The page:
Wednesday, November 16, 2005

My front porch

I live on the corner of N. Main and Liberty. I see Liberty on my way to school each morning. Nice thing to greet you each morning.

Monday, November 14, 2005

MPSA? Cool!

A few days ago my friend, Terrence Watson, was told that our paper, entitled "Conventional Stability: Spontaneous Order v. Collective Resolution" was accepted at the Midwest Political Science Association Conference to be held in Chicago in April.

I'm pretty excited, since this is about the most "serious" conference I've ever been accepted at. The two of us plan to rent a car and make a nice road trip out of it. That's going to be fun, I bet. I hope to meet at least a few Political Science Journal editors at the conference and convince at least one of them that the paper is worthy of publication in a scholarly journal. Since it hasn't been updated for a really long time, the paper needs some work before it'll be in the right shape for that. But it will be.

Terrence and I argue that norms or conventions that emerge spontaneously (as a consequence of human action but not design) are more likely to be stable than any order "imposed" by collective methods. The most obvious collective method is legislation, or some other governmental edict or diktat. Conventions, reflecting this spontaneity, should be given some kind of prima facie respect, even if we don't like them much. Their stability, and the way they "capture" information that can't be had by any one of us or group of us, are reasons for respecting them. So, too, is a secondary argument we offer in the paper--we think that conventions not only capture additional information and help maintain stability, we also believe that they do something remarkable. Namely, they reflect underlying utility patterns.

This second bit may be more controversial, but the case runs roughly like this. For anything to emerge out of the interactions of various individuals into an overarching pattern, it will have to meet with (at least) the acquiescence of a large-enough set of individuals over the domain in question. While acquiescence is not agreement (and therefore is lower with respect to normative importance), it still recognizes an important element in our interactions. This is given the alternatives actually available we choose to go along with it, rather than try to disrupt or offer an alternative norm/convention. We think this means that there is at least a good reason to suspect that norms/conventions operate by countenancing at least a preferred outcome to those on the table by some relevant group of us, over some significant foreseeable period of time.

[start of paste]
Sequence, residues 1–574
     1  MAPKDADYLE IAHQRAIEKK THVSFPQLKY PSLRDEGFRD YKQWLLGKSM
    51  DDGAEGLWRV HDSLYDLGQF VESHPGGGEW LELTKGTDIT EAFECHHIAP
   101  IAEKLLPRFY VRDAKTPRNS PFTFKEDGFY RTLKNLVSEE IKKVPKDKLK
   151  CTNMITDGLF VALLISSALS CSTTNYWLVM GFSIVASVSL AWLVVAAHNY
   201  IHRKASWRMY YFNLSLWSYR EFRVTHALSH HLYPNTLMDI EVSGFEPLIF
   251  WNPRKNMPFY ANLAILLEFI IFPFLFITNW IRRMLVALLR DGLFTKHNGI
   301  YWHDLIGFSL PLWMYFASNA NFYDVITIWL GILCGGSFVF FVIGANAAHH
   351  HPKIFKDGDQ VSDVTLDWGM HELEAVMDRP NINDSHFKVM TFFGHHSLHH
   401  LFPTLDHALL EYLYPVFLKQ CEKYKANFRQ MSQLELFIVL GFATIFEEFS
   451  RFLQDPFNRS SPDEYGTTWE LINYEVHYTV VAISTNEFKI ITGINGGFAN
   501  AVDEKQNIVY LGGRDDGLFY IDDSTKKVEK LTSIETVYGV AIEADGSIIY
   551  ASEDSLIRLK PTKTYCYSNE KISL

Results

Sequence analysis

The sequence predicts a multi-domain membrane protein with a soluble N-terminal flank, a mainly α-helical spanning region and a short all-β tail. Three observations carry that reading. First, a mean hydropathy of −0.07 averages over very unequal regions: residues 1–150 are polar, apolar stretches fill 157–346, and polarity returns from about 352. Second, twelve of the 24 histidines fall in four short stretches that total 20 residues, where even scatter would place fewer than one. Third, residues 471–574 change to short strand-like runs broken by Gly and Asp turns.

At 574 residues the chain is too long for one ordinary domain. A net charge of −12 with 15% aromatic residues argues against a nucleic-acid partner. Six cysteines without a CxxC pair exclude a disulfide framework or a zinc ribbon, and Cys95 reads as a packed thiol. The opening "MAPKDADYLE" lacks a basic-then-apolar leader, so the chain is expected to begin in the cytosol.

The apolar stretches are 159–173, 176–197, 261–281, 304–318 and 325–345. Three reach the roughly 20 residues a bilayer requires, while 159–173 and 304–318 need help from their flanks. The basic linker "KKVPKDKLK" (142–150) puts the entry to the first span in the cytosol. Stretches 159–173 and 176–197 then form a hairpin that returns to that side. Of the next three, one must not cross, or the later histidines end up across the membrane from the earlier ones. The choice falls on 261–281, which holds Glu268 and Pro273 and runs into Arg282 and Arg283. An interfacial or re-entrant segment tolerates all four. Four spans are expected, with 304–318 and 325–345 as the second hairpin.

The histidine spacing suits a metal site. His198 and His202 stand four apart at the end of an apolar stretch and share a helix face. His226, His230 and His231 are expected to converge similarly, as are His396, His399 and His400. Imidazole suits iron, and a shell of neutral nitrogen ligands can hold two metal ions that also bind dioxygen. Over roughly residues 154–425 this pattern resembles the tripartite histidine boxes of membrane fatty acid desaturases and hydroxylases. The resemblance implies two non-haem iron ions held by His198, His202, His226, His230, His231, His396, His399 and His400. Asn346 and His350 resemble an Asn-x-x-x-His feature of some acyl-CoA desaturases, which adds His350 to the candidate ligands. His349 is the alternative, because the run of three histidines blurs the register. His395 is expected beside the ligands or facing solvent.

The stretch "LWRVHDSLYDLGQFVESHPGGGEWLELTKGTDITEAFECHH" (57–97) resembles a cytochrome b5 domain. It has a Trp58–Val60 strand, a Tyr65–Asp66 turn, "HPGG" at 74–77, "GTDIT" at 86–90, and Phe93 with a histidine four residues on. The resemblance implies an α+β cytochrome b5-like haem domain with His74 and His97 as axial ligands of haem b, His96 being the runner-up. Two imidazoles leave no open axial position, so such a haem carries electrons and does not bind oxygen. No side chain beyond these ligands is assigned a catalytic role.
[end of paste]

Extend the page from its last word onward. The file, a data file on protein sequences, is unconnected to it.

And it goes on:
This is not to say that alternative equilibria (understood synonymously with norms/conventions) are not preferred, or better than the given norm/convention. Game theory is good at telling us why this or that pattern of behaviour is in equilibrium, but it can't tell us why this equilibrium, as opposed to the countless (infinite?) alternative possible equilibria arose. It can only tell us that some given equilibrium is stable on the grounds that each of the actions are "best responses" to what the others are doing (and this is reciprocal: my action is a best response to yours, and yours is a best response to mine). Some set of those alternative equilibria may be better at maximizing utility, recognizing our preferred moral norms, ensuring liberty, or whatever else may be our most ideal outcome, but, and this is humbling, we can't know that it would be an equilibrium!

We just don't have that kind of information.

What's more, we can't know that each stage toward our most ideal outcome is itself a stable equilibrium. We might do the impossible and see that some alternative arrangement is, in fact, an equilibrium (suppose we knew this, even though I, and I'm betting Terrence agrees, doubt that this is an epistemic possibility), but to move from the status quo to that equilibrium will require intermediate steps. Any one of those steps may be out of equilibrium, exposing it to rational free riders, or to some other process that may turn it all upside down.

This is the neat thing about Ken Binmore's work in political philosophy. He recognizes this limitation in our system-building propensities. He likes Rawls, for instance, but he doesn't abstract away from the process that gets us to the ideal outcome we want after our venture behind the veil of ignorance and then the 'working out' of those conclusions with our intuitions (reflective equilibrium). We can't say, "this is our ideal world, now let's go get it!" Instead, we have to be aware of the limitations both in our information with respect to the outcome (whether or not it will be a stable equilibrium) as well as the information with respect to the processes (whether or not each move toward the ideal is in equilibrium).